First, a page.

Nearby at Coronet Bay, Observation Point, Elizabeth Island and in the Mosquito Channel larger fish are caught. Though this is fact, there is a ‘ninja’ type approach that needs to be adhered to in order to be successful. The larger fish caught in these areas over past seasons have two similar influences, fishing a high tide change at night and in shallow water ranging from 3-5m. The reason being is that larger snapper are quite cautious and are easily spooked by boat noise. Fishing during the night, there is less boat activity so they are more likely to get up into the shallow on a high tide and search for food.

Keep in mind the setup required too, as with big fish, you only get one chance at getting a solid hook set and if missed, it’s gone. Eliminating the possibility of losing a fish relies heavily on using circle hooks. If you’re fishing a paternoster rig, Mustad’s Demon circle 5/0-6/0 is ideal, while if you’re using a running sinker rig, stick to a Mustad Octopus Circle 6/0. Regardless of which rig you use, you’re sure to get the desired result, a solid snapper on the end of your line.

If it is just a feed of snapper you’re after, you’ll notice that those in tune with snapper at this time of year begin to focus their attention on the Western Entrance. Though fish can be caught right throughout the area, some of the best fishing is around McHaffies Reef. This section of the Entrance is like a washing machine, even on a calm day so you must pick the right conditions to venture here. In calm conditions, the water surface will ripple and drifting with paternoster rigs and squid baits is the best technique.

Always keep an eye on the depth being fished, but if you concentrate on drifting between the red and green channel markers, you’ll stumble across some decent fish, especially an hour before and after the slack water.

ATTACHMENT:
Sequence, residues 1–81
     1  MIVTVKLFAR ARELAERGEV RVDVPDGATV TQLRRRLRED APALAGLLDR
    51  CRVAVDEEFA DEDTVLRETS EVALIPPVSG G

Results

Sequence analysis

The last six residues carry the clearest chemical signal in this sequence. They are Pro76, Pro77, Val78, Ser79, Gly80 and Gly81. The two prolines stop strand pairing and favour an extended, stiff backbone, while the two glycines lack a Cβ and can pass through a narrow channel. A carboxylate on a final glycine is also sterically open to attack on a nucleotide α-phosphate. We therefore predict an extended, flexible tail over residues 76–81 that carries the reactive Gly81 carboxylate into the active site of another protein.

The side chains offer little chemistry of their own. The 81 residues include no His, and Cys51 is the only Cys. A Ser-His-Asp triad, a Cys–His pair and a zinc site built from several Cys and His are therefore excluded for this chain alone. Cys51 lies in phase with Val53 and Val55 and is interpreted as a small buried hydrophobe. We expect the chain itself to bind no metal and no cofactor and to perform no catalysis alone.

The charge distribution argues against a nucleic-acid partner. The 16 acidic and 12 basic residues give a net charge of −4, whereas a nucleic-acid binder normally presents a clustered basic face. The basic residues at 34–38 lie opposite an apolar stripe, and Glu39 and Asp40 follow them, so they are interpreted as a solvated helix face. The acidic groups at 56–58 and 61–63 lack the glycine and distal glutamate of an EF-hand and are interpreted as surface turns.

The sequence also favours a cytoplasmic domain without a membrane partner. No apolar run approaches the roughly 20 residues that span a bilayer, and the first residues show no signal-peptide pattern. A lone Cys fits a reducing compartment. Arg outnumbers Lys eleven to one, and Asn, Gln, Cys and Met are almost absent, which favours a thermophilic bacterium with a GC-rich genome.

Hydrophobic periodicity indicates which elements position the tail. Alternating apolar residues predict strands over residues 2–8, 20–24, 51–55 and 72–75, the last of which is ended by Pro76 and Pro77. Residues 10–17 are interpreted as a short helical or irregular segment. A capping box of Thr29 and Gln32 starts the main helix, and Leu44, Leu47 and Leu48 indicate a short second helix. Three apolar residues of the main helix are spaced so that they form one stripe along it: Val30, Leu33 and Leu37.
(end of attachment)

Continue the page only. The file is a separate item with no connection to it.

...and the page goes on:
Snapper aside, many anglers are choosing to make the switch over the whiting. This time of year divides anglers into two groups, those who went hard early and now are interested in other species such as whiting and those who started late and are still content on catching quality reds.

At the end of the day, December is a great time of year for whiting as the focus is still mostly on snapper and the whiting have been left to roam free amongst the shallow flats. Unfortunately for them, things are about to change.

If you are set on targeting whiting the Tortoise Head Bank, Balnarring, Somers and Middle Spit have been producing some sensational models of late. Most of the fish are in the high 30s, with at least half of anglers’ catches having fish over 40cm. This has been a great start to the season with a lot more focus put on whiting next month. In saying that, if I was a betting man, I’d hedge my bets that the first few whiting this season measuring 50cm or greater will be caught from either Balnarring, Somers Cleeland Bight or Cat Bay.

Just like snapper, big whiting only allow you one chance as well. Removing all the possibility of missing the fish from the equation relies on using Mustad Demon #4 circle hooks on your running sinker or paternoster rig. Using circle hooks eliminates any hook setting issues allowing the fish to hook themselves 100% of the time.

I can’t believe we are at the end of 2015 already! Next month its going to be all about whiting, gummy sharks, school sharks and, of course, the highly prized mako shark.

Photo courtesy of Shaun Furtiere from Think Big Charters.

Photo courtesy of Shaun Furtiere from Think Big Charters.

Photo courtesy of Shaun Furtiere from Think Big Charters.

Photo courtesy of Shaun Furtiere from Think Big Charters.

Photo courtesy of Shaun Furtiere from Think Big Charters.